A good start on owner-operators
On June 8, the Trump administration rescinded a 2015 memorandum issued by President Obama’s Department of Labor (DOL) that was intended to provide guidance or department interpretation of what constituted an independent contractor across industries. The five-part test outlined in the memo issued by David Weil, administrator of DOL’s Wage and Hour Division, was not trucking-specific. Had it been applied to lessors the memo would have made use of owner-operators as independent contractors for federal purposes all but impossible.
Importantly, the 2015 memo was never the law and did not trump the established 20-part control test or the existing safe harbor protections of the federal statute. Yet the issuance of this memo had a chilling effect on the prospects of this model, and its withdrawal is an important step.
Before industry celebrates this action, however, it is important to note that:
The Department of Justice in a brief filed in the BeavEx case refuses to affirm federal preemption of state employment laws. State overtime provisions and misclassification lawsuits – not changes in federal law – are the source of vexatious and pernicious litigation that must be addressed; and
The withdrawal of the Weil memo does not address the unique characteristics of the owner-operator model and the small business niche it creates. Owner-operators are truly independent businesses because they choose to be. They have a substantial investment in equipment and are truly blue-collar entrepreneurs. As a result, they deserve special treatment under federal and state law.
Left to be addressed is the need for uniform treatment of owner-operators as independent contractors and driver employee wages regardless of where the unit is domiciled or where the carrier operates.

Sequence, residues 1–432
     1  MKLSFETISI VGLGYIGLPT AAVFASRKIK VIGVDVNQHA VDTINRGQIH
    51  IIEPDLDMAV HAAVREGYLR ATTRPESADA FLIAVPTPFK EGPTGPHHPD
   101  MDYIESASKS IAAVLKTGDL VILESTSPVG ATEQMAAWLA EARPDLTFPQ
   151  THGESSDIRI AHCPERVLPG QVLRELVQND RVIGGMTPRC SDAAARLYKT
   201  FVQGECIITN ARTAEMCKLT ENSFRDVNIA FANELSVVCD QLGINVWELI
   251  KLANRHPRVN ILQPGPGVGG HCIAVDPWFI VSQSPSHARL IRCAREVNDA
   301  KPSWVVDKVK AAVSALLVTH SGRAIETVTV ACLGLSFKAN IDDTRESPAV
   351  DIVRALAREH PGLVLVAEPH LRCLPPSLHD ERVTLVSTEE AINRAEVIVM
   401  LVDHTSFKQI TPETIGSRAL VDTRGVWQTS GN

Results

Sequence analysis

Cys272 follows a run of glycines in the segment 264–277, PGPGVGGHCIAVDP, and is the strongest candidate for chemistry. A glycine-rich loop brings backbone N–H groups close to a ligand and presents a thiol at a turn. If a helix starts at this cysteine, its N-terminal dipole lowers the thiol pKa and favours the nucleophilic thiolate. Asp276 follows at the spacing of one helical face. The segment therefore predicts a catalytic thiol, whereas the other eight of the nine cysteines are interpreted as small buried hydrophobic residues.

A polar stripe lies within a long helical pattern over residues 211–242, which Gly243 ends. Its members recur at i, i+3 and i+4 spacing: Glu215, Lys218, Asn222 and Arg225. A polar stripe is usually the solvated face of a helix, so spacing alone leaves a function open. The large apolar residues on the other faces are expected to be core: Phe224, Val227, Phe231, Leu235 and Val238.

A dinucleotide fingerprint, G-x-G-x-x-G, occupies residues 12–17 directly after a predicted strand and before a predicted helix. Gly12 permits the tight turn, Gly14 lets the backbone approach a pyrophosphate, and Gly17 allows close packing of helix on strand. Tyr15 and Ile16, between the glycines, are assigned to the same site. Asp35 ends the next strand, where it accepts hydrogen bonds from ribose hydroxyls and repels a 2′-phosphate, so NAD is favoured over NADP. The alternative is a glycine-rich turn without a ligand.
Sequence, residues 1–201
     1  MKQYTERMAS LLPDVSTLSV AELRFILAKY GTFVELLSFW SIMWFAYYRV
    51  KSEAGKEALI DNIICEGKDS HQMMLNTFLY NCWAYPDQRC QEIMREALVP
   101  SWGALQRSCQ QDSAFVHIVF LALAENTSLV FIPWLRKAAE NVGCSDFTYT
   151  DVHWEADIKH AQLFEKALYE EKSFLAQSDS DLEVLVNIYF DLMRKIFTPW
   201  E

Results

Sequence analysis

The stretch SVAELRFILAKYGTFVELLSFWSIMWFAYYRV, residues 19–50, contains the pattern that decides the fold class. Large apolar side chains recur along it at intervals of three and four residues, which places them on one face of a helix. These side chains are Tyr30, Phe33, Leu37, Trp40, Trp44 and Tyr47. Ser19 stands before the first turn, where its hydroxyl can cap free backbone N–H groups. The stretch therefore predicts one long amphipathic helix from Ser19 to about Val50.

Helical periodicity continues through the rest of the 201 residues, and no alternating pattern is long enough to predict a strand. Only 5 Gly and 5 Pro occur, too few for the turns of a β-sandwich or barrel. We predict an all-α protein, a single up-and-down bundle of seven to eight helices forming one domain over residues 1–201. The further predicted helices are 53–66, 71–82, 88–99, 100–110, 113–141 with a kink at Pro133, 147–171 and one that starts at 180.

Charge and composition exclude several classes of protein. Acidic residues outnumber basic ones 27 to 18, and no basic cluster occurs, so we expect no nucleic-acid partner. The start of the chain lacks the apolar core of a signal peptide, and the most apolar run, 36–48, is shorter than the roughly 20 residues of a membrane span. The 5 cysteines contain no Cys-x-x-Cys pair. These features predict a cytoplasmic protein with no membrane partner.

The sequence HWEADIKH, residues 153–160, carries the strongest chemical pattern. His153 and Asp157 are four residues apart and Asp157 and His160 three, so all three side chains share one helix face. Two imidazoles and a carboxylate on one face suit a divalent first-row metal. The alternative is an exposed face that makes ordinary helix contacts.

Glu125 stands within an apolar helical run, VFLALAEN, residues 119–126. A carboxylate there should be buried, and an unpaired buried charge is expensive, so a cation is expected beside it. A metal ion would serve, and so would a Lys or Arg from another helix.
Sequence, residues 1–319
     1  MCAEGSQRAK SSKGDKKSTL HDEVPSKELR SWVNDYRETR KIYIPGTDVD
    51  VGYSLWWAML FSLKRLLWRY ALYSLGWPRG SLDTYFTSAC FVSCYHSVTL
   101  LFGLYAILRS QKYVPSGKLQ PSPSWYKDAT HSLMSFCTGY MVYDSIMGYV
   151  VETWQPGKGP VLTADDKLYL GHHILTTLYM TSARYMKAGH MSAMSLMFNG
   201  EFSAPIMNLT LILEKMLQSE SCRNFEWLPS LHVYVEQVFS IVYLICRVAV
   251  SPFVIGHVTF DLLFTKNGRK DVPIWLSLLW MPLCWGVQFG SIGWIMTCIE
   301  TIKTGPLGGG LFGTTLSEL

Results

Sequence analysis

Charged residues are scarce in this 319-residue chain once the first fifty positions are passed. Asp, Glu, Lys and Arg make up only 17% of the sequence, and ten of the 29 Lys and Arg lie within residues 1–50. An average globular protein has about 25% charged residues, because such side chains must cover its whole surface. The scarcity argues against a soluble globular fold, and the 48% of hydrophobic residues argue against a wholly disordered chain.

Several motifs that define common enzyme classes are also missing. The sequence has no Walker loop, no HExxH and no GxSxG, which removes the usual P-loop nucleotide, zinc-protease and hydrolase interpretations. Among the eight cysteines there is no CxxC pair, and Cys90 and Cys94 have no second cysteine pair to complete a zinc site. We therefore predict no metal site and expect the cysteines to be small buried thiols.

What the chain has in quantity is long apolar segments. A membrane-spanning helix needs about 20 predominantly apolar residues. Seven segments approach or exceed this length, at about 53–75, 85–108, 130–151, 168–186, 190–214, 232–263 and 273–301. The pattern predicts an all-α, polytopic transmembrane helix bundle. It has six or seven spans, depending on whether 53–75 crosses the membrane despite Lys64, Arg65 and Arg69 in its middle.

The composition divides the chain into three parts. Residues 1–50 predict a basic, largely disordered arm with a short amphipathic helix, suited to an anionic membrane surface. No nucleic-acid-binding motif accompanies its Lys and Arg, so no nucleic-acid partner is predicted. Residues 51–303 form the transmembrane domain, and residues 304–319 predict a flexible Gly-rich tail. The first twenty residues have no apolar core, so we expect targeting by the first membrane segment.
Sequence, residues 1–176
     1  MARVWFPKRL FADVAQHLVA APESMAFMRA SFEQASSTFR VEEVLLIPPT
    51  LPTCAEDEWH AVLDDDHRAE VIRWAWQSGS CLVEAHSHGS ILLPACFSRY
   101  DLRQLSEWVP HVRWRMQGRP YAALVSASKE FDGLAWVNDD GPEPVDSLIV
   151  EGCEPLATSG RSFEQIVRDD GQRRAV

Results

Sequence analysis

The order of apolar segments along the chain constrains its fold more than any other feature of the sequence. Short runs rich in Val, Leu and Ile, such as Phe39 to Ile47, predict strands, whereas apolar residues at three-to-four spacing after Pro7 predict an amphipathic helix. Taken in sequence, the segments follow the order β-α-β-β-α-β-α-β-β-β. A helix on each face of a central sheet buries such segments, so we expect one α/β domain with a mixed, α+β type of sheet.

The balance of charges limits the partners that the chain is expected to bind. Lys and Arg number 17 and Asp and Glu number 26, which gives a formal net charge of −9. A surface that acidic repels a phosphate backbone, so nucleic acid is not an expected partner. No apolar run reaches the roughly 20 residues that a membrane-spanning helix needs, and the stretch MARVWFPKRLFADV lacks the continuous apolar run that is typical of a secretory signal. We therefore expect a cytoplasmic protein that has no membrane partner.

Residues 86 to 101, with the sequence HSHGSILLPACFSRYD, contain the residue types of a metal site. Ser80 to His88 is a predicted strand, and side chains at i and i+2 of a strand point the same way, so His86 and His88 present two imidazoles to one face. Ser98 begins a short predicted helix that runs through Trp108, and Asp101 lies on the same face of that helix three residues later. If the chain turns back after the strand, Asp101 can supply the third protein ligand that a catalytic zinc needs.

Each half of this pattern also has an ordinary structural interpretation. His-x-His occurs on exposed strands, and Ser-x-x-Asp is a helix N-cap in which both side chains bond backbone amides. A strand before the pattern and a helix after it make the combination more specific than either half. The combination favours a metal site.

This need for uniformity is recognized under the U.S. Constitution and the Commerce Clause in the doctrine of federal preemption. This basic principle of federal transportation law has been ignored too long as states have enforced conflicting laws and precedent to reach inconsistent conclusions on issues such as:
The independent contractor model, which is subject to the federal leasing regulations;
Duty time and application of overtime pay, which is subject to the Fair Labor Standards Act; and
Negligent selection/vicarious liability, which should not be an issue because it is the Federal Motor Carrier Safety Administration’s job – not the customer’s – to verify that a carrier is fit to operate and, hence, is fit to use.
The industry has its work cut out for it to secure recognition of the preemption doctrine (which can be implied or expressed). It is time to make clear that existing federal law is intended to establish uniformity, trump inconsistent state law, and encourage fair competition and entrepreneurship.
The National Transportation Policy, which is codified at 49 USC 13101, declares, among other things, that in overseeing the various modes of transportation, it is the policy of the United States to:
Promote safe, adequate, economical, and efficient transportation;
Encourage sound economic conditions in transportation, including sound economic conditions among carriers:
Meet the needs of shippers, receivers, passengers, and consumers;
Allow the most productive use of equipment and energy resources;
Improve and maintain a sound, safe, and competitive privately owned motor carrier system;
Somehow the regulators in Washington have lost sight of these goals, all of which call for national and uniform treatment of motor carrier safety, independent contractor treatment of lease operators, and uniform employment laws.
Repeal of the DOL guidance is good; at least it kept the situation from getting worse. Now, though, there’s a window of opportunity to end pernicious lawsuits based on inconsistent state law and to reaffirm a uniform system that protects shippers and brokers as well as carriers against inconsistent treatment based on state of domicile or where the claim arose.
Henry Seaton is senior partner of the law firm Seaton & Husk, which specializes in transportation law, and author of Rules of the Road: A Practical Guide to Legal Issues in Truck Transportation.
For more about the topics discussed in this commentary, see Chapters 9-11 of Rules of the Road: A Practical Guide to Legal Issues in Truck Transportation.